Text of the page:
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Thread: Veneering Questions

  1. #1
    Join Date
    Jan 2011
    Location
    Comox Valley
    Posts
    207
    Real Name
    Martin

    Default Veneering Questions

    Hello guys

    I have some nice peruvian walnut that i would like to resaw.
    My plan is to resaw it to 1/8 rough and than sand it down to 3/32 with a drum sander.
    I am a total noob with veneering, i did some reading on joe woodworker's web site but still not sure how to do it.

    He don't recommend PVA glue for veneering, he recommends Ultra-Cat PPR veneer glue. I don't think this stuff is available around here, in BC. What type of glue do you guys recommend that would be available in big box store ?

    My panels will be 20" by 47" , is it do-able without a veneer press ? (I don't have one)

    If yes, what should i use for the substrate, MDF, plywood or particle board ?
    Do i need to glue a layer of that veneer on both side of the substrate ?

  2. #2
    Join Date
    May 2010
    Location
    Peterborough
    Posts
    636

    Default Re: Veneering Questions

    Veneering is fantastic. It opens up a whole new world. Some smaller projects to practice with is a great way to learn some of these new techniques. And if you find this really is something you enjoy buy a vacuum system.

    The problem with PVA glue is that it causes the veneer to warp. The thicker the veneer, the less it will warp. Having said that I have used PVA glue with thin veneers (1/32") without problem. DON'T apply the glue directly to the veneer, just the core. Another thing when using PVA glues, don't apply it too heavy. And for each veneer there is a slight difference in what is too heavy. Open pore and burled woods will bleed glue if it's too heavy, causing finishing problems. You can also use other types of glues (I'm guessing the one they recommended was their product, but I don't know that) like Unibond 800, etc.

    As for cores, it depends. I have used PC (cheap, pretty flat), MDF (very flat, weak screw holding ability, sometimes weak joinery), solid (can be very tricky...not for beginners), baltic birch (somewhat flat, very strong). All have their strengths and weaknesses.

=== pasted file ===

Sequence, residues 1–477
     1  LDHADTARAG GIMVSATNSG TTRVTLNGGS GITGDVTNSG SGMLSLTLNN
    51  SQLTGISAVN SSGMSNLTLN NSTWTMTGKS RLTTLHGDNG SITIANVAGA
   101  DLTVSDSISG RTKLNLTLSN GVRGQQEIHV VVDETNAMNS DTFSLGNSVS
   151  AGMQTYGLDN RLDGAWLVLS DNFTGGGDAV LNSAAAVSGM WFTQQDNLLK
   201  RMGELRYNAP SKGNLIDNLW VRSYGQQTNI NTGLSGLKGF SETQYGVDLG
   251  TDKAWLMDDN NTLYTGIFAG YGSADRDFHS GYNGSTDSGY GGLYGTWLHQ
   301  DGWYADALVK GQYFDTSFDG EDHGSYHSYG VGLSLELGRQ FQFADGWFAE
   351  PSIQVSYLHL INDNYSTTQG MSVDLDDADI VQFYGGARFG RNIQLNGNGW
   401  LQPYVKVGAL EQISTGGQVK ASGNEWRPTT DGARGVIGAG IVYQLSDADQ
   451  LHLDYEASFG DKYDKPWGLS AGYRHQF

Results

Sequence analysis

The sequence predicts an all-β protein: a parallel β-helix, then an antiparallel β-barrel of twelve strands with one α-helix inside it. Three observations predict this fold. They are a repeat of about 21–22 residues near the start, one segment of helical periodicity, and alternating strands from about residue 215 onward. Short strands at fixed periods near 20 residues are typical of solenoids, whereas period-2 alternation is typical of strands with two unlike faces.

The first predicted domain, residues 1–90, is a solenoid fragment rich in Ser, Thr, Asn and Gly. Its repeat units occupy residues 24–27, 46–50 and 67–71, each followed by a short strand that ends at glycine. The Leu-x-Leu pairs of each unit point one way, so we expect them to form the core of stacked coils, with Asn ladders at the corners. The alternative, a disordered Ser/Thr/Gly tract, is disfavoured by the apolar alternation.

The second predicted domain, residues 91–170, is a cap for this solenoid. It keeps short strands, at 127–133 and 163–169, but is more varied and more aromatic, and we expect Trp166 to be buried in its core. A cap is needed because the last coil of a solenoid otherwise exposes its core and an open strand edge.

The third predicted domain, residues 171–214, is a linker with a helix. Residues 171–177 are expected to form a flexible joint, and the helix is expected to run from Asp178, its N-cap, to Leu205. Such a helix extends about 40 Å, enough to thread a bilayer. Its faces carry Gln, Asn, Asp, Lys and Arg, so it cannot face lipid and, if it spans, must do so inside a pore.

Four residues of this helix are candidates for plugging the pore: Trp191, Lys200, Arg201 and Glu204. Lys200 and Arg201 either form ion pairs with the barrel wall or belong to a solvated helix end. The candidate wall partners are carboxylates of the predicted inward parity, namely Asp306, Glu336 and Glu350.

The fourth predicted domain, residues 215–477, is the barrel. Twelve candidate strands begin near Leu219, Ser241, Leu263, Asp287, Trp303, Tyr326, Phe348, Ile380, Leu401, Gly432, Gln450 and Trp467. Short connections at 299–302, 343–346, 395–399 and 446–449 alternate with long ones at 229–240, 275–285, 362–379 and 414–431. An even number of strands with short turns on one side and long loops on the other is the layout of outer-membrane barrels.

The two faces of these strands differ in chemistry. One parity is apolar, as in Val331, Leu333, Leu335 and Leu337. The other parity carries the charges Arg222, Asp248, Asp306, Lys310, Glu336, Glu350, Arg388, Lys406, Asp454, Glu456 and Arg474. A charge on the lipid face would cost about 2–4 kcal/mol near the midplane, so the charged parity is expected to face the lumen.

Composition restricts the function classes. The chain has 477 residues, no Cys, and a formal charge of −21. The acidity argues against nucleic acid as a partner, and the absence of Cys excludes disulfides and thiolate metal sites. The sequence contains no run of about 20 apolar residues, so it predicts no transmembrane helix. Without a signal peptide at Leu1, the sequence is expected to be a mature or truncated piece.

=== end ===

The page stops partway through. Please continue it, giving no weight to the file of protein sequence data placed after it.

And yes, apply the same, or very similar, veneer to both sides. The species can be different, but they must be the same thickness and have similar characteristics. Also apply them in the same grain direction.

    You can use a large, flat board with lots of cauls and clamps, but it is very tricky at that size. Do at least one dry run to make sure you can make it happen quick enough.

    Then you have the issue of actually cutting the veneer with the bandsaw. I won't get into that here, as it's a whole article....One that we will cover in the magazine over the next while.

    Hope that helps. I've really only skimmed the surface of this topic, but hopefully you have enough info to get started. That reminds me.....maybe even do a practice panel with some cheaper species first, depending on how valuable you feel the Peruvian walnut is.

    Let us know how it goes. Take some photos if you can.
    ______________________________________________
    Rob Brown
    Editor - Canadian Woodworking & Home Improvement

  3. #3
    Join Date
    Jan 2011
    Location
    Comox Valley
    Posts
    207
    Real Name
    Martin

    Default Re: Veneering Questions

    Thanks Rob.

    It is a good starting point.
    I went to the local Industrial Plastic & Paints and asked for Unibond 800 and they looked at me like an alien.
    They never hear about plastic resin glue, and they seemed too lazy to look in their catalog.
    Does anybody have a Canadian source where to get plastic resin glue ?

  4. #4
    Join Date
    May 2010
    Location
    Peterborough
    Posts
    636

    Default Re: Veneering Questions

    Martin,

    Yes, your local store will not know it, as you found out. It's a 2-part urea formaldehyde adhesive (not a plasitc resin) that you must mix before using. Check out http://vacupress.com/veneerglue.htm They are in the States and will deliver. There are other adhesives as well that will work. Everyone has their favourites. With thicker, bandsawn veneers you are likely going to have better results than if you were using thinner veneers.

    Like I said before, a test run with some similar veneer will give you a better idea how all this works.
    ______________________________________________
    Rob Brown
    Editor - Canadian Woodworking & Home Improvement

  5. #5
    Join Date
    Feb 2012
    Location
    Erin, Ontario
    Posts
    331
    Real Name
    John

    Default Re: Veneering Questions

    Check out http://www.veneersystems.com, they are Canadians working out of Buffalo, NY. They ship from both sides of the border. Good and knowledgable.

    John

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